Let's take a brief break from the day to day marketing issues to think big thoughts.
Nearly every business activity has ethical implications, and marketing has more than most.
Seth Godin recently tackled some of the ethical questions of marketing in a blog post called "Marketing Morality."
Your marketing changes the way people act.
Not completely. Of course not. You can't get babies to start smoking cigars and you can't turn Oklahoma into a blue state. But on the margins, especially if your product or service has some sort of archetypal connection to your customers, you can change what people do.
Now it gets tricky. It gets tricky because you can no longer use the argument, "We're just giving intelligent adults the ability to make a free choice." No, actually you're not. You're marketing something so that your product will have an edge over the alternative.
Everyone knows about milk. The milk people don't need to spend $60 million a year advertising milk in order to be sure we all get a free choice about whether to buy milk or not. No, they do it because it makes milk sales go up.
What a huge responsibility.
If you're a good marketer (or even worse, a great marketer), it means that you're responsible for what you sell. When you choose to sell it, more of it gets sold.
I have no standing to sit here and tell you that it's wrong for you to market cigarettes or SUVs, vodka or other habit-forming drugs. What we do need to realize, though, is that it's our choice and our responsibility. As marketers, we have the power to change things, and the way we use that power is our responsibility--not the market's, not our boss's. Ours.
The morality of marketing is this: you need to be able to stand up and acknowledge that you're doing what you're doing. "By marketing this product in this beautiful packaging, I'm causing a landfill to get filled a lot faster, but that's okay with me." Marketers can't say, "Hey, the market spoke. It's not my decision."
I've never believed the canard that advertising is just about offering information. It's nonsense, and we al know it. It's about making people do things. As Seth notes, there are limits on one's ability to do that, and good marketers are keenly aware of them... but we should never pretend we're not trying to influence behavior. Because if we make that argument successfully, we've just argued our way out of our jobs.
And like Seth I'm not going to lecture anyone: just make sure that you are comfortable with what you do.
One of the marketing issues that fascinates me is what our marketing activities do to the cultural environment in which we operate. I'm a marketer, but I'm also a person who lives in the world we create, and like many other people I find the intrusion of marketing into everyday life troubling. There's the obvious stuff, like telemarketing calls and endless badly-targeted direct mail. There's spam. And of course there's also the appearing of ads everywhere from over urinals to on eggs.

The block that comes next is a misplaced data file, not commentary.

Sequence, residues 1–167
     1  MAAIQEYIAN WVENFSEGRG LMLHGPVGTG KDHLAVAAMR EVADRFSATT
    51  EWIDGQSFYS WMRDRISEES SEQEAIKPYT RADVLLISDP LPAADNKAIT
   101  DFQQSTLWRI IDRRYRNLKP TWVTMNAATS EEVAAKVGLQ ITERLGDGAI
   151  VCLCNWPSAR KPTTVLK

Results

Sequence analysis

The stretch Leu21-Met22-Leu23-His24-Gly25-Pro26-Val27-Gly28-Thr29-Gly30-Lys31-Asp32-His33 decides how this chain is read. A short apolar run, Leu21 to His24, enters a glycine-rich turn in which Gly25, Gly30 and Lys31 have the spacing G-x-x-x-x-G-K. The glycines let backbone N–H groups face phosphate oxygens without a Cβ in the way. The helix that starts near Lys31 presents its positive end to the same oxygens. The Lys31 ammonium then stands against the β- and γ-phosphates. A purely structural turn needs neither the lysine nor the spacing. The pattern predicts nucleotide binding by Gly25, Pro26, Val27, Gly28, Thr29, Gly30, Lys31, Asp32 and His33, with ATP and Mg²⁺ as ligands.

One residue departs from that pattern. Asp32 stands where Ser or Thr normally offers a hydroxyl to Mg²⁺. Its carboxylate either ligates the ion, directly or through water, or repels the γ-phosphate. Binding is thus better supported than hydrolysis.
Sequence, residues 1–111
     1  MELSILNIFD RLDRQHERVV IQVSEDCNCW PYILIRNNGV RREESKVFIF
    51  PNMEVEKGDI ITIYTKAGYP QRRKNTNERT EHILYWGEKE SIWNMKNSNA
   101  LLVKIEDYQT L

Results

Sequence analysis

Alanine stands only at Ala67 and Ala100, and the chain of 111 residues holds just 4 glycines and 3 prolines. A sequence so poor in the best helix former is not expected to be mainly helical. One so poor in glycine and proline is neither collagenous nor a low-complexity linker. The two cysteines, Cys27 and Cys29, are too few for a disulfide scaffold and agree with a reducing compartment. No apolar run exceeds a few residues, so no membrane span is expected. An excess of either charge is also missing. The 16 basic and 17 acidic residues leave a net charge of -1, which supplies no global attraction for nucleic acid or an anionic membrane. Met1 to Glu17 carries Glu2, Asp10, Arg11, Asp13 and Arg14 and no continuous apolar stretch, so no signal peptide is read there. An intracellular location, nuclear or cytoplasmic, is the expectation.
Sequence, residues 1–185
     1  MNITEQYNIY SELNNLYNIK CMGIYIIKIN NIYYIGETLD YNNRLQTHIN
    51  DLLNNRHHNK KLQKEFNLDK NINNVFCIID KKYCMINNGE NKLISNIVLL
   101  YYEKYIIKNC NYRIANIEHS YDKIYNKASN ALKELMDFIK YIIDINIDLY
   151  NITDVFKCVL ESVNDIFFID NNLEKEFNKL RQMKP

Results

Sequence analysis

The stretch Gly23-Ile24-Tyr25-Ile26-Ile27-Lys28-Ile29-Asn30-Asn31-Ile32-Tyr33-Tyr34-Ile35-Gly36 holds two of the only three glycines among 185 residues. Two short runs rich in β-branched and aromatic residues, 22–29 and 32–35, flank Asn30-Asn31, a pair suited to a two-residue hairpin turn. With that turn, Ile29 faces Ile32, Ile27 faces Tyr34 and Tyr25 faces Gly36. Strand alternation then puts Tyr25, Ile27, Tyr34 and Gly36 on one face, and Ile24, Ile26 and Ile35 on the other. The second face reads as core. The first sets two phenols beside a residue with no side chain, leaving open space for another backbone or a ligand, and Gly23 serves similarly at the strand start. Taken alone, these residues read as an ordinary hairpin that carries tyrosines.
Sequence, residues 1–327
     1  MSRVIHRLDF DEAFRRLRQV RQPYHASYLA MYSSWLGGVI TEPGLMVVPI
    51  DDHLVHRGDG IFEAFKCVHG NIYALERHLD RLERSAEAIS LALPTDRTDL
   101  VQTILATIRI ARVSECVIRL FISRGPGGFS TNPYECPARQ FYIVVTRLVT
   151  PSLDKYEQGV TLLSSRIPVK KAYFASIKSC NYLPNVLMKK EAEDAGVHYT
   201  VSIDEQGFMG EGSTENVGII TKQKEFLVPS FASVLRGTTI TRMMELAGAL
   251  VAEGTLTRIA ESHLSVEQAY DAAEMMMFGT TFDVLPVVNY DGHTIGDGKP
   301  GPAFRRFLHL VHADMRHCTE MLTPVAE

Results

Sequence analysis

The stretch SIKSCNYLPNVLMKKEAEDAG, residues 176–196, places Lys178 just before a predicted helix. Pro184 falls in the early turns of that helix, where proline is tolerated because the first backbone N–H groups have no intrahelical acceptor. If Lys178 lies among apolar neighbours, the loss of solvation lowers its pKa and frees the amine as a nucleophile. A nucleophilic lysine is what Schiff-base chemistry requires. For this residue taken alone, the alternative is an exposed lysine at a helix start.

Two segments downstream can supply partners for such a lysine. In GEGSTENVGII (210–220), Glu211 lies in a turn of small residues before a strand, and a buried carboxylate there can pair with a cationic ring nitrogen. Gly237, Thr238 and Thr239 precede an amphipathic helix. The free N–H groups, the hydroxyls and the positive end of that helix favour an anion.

As I marketer, I understand why it's done and that it works, but as a member of society, I hate it. And so I found this item from Wired News rather interesting.
Using symbols and slogans and logos to sell a product or a company has been around for as long as there have been products and companies to sell. But selling, like so much else in this increasingly hyper and over-hyped world of ours, has mutated into something uglier -- call it consumer marketing.
Technology's march only serves the beast. Each advance (if advancing is what it is) diffuses the way we get our information. If we now have 3,089 ways of taking in news and information, the marketing swine will find 3,089 ways of shoving their "buy this" message down your throat, whether you want to hear it or not. There is no escape.
With hundreds of thousands of marketers out there, clamoring to be heard over the din of their collective, orgiastic whoring, you can't read anything, watch anything or go anywhere without a ceaseless assault on your senses. The message, regardless of how subliminal, never varies: Buy this, own this, drink this, drive this, wear this, be this. In order to be cool, you must consume consume consume.
The irony of a writer complaining about "marketing swine" in a piece that appears on a web page that is able to exist because of the surrounding advertising is not lost on me. But the irony doesn't mean he's wrong.
It should tell us something that someone whose paycheck doesn't bounce because of ad revenues resents advertising so much. In the same piece, there's a link to this page, which tells people how to get logos off of their cell phones.
With some risk of damaging the phone. Think about that: there are people who so resent the appearance of a corporate logo that they will risk damaging an expensive piece of electronics to rub it off.
That, too, should tell us something.
Am I suggesting that we all renounce our evil marketing ways and change careers? Of course not. I'm simply suggesting that, like all good businesspeople, we should never forget the implications of what we do - and for marketers, that means asking if our exciting new marketing channel is something we really want to live with.
And, in practical terms: if people hate it that much, how well will it work?